If a person dies without leaving a valid Will the laws of intestacy spell out who is entitled to what. Unmarried partners, close friends and carers have no right to inherit (unless property is jointly owned in a certain way), even if that was the intention of the deceased. Even worse, if there are no surviving relatives not even a charity will automatically benefit – all your hard earned wealth goes to the Crown!
On 1 October 2014 the laws of intestacy changed, and an intestate’s estate will now be distributed as follows:
- The entire estate goes to the surviving spouse or civil partner if there are no children or grandchildren, or if the estate is worth less than £250,000. Note that a surviving spouse who is separated but not divorced is still entitled to benefit.
- If there are children, and there is no surviving spouse or civil partner, the children will inherit the estate equally between them. Grandchildren will not benefit unless their parent has died before the intestate, or their parent died after the intestate but before their 18th birthday.
- If there are children, and a surviving spouse or civil partner, then the children will inherit equally half the estate over £250,000. If the estate is worth less than £250,000 the children inherit nothing.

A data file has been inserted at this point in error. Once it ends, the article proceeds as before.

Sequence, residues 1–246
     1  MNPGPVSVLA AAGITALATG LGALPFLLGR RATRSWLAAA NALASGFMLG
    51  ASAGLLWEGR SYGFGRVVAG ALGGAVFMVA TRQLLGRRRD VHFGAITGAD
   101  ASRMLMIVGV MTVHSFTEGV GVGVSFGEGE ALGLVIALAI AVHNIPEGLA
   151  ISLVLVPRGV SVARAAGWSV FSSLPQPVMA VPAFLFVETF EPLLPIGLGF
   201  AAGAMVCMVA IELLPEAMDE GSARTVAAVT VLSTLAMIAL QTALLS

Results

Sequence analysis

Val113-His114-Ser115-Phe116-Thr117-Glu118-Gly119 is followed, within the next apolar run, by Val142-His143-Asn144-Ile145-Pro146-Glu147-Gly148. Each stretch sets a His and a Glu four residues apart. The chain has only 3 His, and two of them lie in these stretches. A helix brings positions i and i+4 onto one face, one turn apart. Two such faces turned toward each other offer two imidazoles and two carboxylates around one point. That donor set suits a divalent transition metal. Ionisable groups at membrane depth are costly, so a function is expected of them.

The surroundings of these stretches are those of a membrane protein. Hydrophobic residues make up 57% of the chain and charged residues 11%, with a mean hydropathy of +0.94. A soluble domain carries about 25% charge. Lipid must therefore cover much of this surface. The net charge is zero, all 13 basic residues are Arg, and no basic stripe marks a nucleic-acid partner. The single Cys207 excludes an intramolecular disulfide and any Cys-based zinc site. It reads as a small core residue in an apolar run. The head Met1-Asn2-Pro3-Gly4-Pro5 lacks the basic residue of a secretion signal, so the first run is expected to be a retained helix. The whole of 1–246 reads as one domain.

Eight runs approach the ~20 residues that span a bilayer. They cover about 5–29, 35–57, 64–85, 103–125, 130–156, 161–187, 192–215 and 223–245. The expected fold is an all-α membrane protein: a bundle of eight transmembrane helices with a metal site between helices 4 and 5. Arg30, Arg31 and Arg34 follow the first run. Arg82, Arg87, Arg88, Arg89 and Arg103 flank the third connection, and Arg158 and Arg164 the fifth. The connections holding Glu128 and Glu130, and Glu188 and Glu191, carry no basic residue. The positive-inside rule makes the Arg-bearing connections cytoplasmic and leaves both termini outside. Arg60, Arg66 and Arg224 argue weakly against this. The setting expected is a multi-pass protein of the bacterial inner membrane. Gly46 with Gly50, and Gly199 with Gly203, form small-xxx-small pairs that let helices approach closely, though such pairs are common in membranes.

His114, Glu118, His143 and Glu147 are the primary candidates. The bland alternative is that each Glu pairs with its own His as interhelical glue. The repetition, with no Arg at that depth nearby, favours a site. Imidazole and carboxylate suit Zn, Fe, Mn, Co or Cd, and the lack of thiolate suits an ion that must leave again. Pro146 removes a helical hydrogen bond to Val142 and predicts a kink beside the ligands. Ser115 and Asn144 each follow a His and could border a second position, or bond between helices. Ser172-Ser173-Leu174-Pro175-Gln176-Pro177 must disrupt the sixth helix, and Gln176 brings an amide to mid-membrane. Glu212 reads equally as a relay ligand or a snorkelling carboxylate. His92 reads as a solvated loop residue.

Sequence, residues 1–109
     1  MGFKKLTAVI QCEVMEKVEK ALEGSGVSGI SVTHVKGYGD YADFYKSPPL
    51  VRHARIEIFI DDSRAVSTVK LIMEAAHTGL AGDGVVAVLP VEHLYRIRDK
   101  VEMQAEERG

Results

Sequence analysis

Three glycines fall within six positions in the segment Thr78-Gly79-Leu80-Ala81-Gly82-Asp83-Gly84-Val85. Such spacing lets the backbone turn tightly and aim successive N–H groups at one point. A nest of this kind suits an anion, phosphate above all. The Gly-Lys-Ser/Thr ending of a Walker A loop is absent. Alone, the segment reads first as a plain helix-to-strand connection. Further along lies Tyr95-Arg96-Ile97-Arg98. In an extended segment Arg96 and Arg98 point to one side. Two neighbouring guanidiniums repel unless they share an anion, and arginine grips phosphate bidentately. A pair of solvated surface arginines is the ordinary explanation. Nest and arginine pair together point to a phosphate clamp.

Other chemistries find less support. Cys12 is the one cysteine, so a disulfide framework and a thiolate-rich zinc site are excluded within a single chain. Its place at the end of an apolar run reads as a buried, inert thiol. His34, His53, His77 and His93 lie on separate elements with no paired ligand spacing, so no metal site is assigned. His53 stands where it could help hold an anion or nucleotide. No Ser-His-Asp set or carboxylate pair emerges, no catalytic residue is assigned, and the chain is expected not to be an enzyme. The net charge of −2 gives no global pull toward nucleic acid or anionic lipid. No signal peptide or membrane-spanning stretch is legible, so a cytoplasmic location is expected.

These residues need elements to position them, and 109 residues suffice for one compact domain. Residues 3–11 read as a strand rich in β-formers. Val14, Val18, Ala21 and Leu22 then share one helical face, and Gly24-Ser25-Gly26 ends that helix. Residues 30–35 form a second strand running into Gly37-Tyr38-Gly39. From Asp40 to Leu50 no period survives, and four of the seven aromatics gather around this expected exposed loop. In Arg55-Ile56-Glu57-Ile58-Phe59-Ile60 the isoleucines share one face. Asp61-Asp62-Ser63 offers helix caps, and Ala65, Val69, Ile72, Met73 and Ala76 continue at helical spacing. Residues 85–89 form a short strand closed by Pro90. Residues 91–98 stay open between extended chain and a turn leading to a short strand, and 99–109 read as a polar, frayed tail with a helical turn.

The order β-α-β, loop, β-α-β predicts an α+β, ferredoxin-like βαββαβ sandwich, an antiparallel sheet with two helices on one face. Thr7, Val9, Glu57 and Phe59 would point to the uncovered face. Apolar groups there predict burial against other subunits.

Close relatives may benefit, but whether they do will depend on a number of factors, including whether spouses or children of the deceased are still alive.
There are many reasons people make a Will, not least because the laws of intestacy may not distribute their estate in the desired way. People may want to undertake inheritance tax planning, provide for non family members, or use trusts to protect wealth for future generations. Although the rules of intestacy can be varied in a family arrangement, everyone who would benefit under the rules of intestacy must agree.
Here at Burgis & Bullock we can assist with inheritance tax planning and passing on wealth tax efficiently. For further information contact our Tax Experts on 0845 177 5500 or use our on-line contact form for a free initial consultation.